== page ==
I went back and forth between two websites.  At the end of a row of photos, you’ll find the Porta Passiria.  The neighborhood of Steinach was especially helpful in the photo album of Merano site.  Any readers of Defending Irene might find the shots of the Portici and Passagiata to be interesting.  That’s where Irene went shopping and had ice cream with her strict Italian grandmother.

Soccer in any Language

July 5, 2010

I’m sure that it’s difficult for World Cup soccer players to hear each other over the vuvuzelas.  When the words do make it through that drone, they probably have a difficult time understanding their own teammates.  In many matches, they can only guess at what their opponents are saying.  Goal appears to be universal even if the O-sound has a slightly different shading from country to country. 

When we lived in Merano, Italy, I had a taste of this as I watched a team from my son’s club take on a local German speaking team.  The Italian coach would yell things like “Forza!” and “Dai!” (Loosely translated as “Strong!” and “Come on!”)   “Dai” sounds a lot like “Die!” so it took awhile for my American ears to get used to that. About the only word that I recognized from the German coach was “Schnell!” (Fast)   I used this experience for one scene in my girls’ soccer novel, DEFENDING IRENE.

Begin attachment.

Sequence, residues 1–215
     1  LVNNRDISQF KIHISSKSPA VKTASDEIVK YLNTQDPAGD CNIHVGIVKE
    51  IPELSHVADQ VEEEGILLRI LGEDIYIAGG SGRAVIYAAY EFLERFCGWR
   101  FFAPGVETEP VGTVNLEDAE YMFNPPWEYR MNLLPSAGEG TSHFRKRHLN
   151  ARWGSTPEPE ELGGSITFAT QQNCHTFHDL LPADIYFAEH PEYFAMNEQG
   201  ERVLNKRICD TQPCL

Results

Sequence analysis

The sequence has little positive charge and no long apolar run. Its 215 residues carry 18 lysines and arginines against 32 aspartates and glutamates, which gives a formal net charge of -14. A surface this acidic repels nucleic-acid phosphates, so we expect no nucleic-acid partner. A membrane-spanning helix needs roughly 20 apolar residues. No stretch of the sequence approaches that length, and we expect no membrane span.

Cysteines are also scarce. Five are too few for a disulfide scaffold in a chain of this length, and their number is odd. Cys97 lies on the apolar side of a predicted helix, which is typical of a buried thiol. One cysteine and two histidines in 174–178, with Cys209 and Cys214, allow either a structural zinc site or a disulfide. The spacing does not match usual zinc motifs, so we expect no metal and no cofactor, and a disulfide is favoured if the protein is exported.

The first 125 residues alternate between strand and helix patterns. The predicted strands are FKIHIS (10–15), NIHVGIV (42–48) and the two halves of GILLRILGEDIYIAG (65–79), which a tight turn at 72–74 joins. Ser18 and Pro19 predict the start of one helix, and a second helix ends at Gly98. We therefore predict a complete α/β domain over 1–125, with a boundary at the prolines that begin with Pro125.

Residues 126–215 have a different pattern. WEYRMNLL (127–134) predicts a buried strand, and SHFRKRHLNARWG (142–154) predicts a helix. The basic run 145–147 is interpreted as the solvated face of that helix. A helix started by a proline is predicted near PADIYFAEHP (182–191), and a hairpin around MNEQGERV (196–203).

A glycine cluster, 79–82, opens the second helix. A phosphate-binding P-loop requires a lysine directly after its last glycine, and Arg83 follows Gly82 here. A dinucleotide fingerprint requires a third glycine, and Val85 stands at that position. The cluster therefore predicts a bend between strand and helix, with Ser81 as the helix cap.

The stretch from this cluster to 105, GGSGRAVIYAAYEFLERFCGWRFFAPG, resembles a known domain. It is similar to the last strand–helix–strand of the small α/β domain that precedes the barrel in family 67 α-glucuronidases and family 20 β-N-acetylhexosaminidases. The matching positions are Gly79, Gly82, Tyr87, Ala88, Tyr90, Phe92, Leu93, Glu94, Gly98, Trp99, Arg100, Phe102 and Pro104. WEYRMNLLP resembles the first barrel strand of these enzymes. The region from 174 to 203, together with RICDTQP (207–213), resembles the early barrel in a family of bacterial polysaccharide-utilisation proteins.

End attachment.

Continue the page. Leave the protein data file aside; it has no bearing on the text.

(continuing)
But if you’d like a taste of what it would feel to be coached by someone in a different language, you can click on this link for a story that appeared in Highlights back in 2006.

Contemporary Fiction

June 25, 2010